Corsiaceae Plant Family

About the Corsiaceae or Corybas Family

Corsiaceae is a family of small, non- mycoheterotrophic plants that are found across the Southern Hemisphere. These unusual plants have adapted to living off fungi in the soil, earning them the nickname “orchid mushrooms”. There are around 18 genera and over 100 species within this family, which can be further divided into three tribes: Corsiinae, Mesechiteae, and Rhizanthellinae. Despite their small size and often hidden lifestyles, Corsiaceae play an important role in forest ecosystems, contributing to nutrient cycling and providing habitat for associated organisms.

Taxonomy and Classification

Corsiaceae is a family of flowering plants in the order Ericales. They are divided into three tribes: Corsiinae, Mesechiteae, and Rhizanthellinae. The family contains around 18 genera and over 100 species, characterized by their small size, lack of chlorophyll, and parasitic lifestyles. Corsiaceae has been classified under the subfamily Monotropoideae of the family Ericaceae in the past due to their comparable morphology. However, recent molecular evidence supports their current classification under their own family. Corsiaceae shares some similarities with other mycoheterotrophic plants such as Orchidaceae and Ericaceae, which also rely on fungi for nutrient acquisition.

Morphology and Characteristics

Corsiaceae are small, non- plants that range from 5 to 30 centimeters in height. They have fleshy, underground rhizomes that function as storage organs and allow them to survive long periods of dormancy. The above- stems are typically short and unbranched, and the leaves are reduced to small scales or absent altogether. Corsiaceae produces flowers that are bisexual, zygomorphic, and solitary, with three sepals and three petals. The flowers can be found in shades of white, yellow, pink, or red, and have a waxy surface. Corsiaceae often has a unique floral morphology, including complex pollination mechanisms such as the production of floral scent, the presence of nectar chambers, and modified stamens. These adaptations ensure that only specific species of insects are able to visit the flowers during pollination.

Distribution and Habitat

Corsiaceae is distributed throughout the Southern Hemisphere, with concentrations in South America, Australia, New Zealand and Pacific Islands. They are found in a variety of habitats, including temperate forests, rainforests, and subalpine areas. Corsiaceae is known to form associations only with certain fungal taxa, which influence their distribution and habitat preferences. They often grow in shaded areas with high humidity where suitable mycorrhizal fungi are available. While some species are widespread within their range, others have very limited distributions, occurring only in specific locations or regions. The family is not typically cultivated, so its occurrence is dependent on natural habitats.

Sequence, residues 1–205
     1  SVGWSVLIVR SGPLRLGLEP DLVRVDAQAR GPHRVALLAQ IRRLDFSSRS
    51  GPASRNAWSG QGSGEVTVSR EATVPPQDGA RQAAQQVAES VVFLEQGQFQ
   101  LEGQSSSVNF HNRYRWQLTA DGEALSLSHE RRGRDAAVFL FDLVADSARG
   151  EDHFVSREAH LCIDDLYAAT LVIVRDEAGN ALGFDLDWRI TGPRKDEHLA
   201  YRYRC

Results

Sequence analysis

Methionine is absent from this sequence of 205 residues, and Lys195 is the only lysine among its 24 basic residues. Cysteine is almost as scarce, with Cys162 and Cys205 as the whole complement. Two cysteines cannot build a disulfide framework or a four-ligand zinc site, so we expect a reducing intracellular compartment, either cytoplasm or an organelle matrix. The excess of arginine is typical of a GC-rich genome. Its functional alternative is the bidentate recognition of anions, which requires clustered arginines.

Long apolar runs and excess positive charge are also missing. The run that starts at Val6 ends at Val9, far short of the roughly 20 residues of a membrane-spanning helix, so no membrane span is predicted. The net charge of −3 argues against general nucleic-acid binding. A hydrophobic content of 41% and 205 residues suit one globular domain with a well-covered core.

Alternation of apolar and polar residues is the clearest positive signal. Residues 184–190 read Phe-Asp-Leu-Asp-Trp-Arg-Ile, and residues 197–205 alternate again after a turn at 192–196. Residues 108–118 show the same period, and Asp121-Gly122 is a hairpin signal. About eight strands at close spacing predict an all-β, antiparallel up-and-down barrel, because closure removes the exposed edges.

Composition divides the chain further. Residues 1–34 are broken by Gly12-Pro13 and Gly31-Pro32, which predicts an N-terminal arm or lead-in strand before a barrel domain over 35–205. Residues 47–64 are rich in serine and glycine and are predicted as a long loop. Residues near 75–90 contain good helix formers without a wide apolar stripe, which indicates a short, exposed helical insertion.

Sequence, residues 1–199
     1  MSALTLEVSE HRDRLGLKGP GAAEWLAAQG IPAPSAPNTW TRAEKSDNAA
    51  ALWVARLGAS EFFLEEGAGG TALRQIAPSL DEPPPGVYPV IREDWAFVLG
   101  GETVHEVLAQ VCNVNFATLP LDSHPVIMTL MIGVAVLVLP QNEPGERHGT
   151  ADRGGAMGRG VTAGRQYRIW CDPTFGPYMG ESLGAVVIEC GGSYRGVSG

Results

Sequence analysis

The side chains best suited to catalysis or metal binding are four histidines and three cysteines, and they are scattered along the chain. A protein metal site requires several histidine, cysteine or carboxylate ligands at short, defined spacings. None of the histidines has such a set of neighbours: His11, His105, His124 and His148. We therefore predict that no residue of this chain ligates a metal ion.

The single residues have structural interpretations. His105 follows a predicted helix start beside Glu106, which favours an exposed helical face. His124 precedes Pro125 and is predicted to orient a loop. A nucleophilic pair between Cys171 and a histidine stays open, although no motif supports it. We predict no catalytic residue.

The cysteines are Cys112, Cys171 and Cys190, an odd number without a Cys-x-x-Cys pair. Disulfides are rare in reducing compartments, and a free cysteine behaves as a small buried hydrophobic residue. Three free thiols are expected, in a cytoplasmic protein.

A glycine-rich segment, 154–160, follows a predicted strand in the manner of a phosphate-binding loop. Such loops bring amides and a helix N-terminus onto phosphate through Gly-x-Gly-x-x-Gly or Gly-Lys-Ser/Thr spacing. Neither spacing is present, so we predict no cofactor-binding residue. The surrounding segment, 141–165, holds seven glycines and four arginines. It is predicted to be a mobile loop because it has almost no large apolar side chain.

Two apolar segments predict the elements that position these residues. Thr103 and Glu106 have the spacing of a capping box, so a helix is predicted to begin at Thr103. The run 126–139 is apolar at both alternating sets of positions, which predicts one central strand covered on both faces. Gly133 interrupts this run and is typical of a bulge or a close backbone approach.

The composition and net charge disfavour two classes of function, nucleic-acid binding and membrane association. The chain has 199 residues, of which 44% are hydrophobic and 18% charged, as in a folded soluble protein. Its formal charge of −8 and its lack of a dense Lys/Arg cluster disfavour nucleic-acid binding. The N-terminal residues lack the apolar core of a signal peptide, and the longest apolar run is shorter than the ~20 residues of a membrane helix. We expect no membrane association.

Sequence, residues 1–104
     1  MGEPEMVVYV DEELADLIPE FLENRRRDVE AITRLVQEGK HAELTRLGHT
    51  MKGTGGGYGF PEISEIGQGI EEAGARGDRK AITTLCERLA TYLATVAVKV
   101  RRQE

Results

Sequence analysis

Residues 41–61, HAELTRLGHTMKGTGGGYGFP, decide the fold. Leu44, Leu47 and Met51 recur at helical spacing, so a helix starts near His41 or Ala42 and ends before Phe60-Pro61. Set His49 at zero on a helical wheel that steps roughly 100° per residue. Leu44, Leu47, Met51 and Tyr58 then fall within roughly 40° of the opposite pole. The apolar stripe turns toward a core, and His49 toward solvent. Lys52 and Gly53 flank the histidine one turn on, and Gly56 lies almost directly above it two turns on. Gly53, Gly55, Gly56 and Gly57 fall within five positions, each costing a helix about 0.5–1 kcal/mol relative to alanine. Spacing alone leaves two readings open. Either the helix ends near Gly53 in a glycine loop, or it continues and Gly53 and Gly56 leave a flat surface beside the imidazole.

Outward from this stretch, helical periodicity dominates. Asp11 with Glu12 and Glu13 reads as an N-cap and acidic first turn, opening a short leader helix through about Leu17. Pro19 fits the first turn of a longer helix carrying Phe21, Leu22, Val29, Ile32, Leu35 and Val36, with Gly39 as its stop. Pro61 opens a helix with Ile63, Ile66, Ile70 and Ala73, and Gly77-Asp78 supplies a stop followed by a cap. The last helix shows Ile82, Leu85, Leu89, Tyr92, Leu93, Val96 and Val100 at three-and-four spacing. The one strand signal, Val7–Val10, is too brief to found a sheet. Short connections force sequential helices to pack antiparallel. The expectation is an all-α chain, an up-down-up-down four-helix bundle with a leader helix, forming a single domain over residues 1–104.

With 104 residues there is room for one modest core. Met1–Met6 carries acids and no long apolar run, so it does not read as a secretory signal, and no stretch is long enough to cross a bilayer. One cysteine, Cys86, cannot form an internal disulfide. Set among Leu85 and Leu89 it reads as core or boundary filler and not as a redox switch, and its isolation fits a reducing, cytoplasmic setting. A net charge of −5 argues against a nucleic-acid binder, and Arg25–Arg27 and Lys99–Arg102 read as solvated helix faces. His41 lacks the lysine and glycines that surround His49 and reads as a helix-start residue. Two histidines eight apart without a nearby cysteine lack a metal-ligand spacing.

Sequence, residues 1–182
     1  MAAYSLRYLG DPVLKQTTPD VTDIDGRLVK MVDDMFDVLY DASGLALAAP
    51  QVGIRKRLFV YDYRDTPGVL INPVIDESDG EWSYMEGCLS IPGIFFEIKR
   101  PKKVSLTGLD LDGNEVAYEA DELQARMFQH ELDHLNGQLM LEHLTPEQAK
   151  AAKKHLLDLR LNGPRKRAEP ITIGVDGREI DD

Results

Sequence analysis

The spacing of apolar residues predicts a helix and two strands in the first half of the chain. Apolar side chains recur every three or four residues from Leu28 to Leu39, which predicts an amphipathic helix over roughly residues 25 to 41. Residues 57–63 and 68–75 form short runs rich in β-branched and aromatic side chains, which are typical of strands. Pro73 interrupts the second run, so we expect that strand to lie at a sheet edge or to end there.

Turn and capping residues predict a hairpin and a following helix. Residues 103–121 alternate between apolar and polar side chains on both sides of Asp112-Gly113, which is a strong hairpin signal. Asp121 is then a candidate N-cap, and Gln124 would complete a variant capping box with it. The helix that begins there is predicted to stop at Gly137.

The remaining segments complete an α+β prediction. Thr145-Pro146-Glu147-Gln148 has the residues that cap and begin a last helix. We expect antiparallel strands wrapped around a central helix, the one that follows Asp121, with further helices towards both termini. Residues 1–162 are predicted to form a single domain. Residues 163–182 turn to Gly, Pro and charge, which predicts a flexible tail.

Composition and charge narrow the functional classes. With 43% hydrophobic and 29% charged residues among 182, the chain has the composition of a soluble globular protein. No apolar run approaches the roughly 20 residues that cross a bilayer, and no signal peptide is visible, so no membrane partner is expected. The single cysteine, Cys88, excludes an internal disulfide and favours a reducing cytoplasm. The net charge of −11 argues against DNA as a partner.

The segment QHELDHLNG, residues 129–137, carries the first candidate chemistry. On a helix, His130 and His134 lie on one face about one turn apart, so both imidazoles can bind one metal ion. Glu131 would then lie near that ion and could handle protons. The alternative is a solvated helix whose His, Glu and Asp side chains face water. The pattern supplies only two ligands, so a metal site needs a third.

Economic and Ecological Importance

Corsiaceae is a unique family of plants, offering insights into the evolution and adaptation of mycoheterotrophic species. While they may not have significant economic importance, Corsiaceae plays an important ecological role in forest ecosystems as they are part of the nutrient cycling processes. They provide habitat for associated fungi and organisms and contribute to overall biodiversity. Like other mycoheterotrophic plant families, Corsiaceae can be sensitive to changes in environmental conditions such as deforestation or soil disturbance. Therefore, further research on their distribution and ecology is necessary to understand how they may respond to future changes in their environment.

Notable Species

As Corsiaceae is a relatively small family with around 18 genera and over 100 species described to date, there are many noteworthy species worth mentioning. Here are just a few:

  • Corallorhiza striata: also known as the Striped Coralroot, this species is found in North America and is unique among Corsiaceae in having photosynthetic green leaves. It is a mycorrhizal associate of several trees such as Douglas Fir and Ponderosa Pine.

  • Gastrodia sesamoides: a species found in southern Australia that is used in Chinese traditional medicine for treating headaches and other ailments. It relies on fungi from the Ceratobasidiaceae family for its nutrient acquisition.

  • Rhizanthella gardneri: also known as the Underground Orchid, this species occurs only in Western Australia and is entirely underground. It relies solely on a specific fungus for its nutrition and pollination, making it one of the most extreme examples of mycoheterotrophy in the plant kingdom.

  • Cyrtosia javanica: a species found in Southeast Asia, which has been used in traditional medicine to treat snakebites. It grows a single, large, white flower that emits a strong fragrance, attracting moth pollinators.

Each of these species is unique in its own way, showcasing the diverse adaptations and characteristics that make Corsiaceae such an interesting and important family of plants.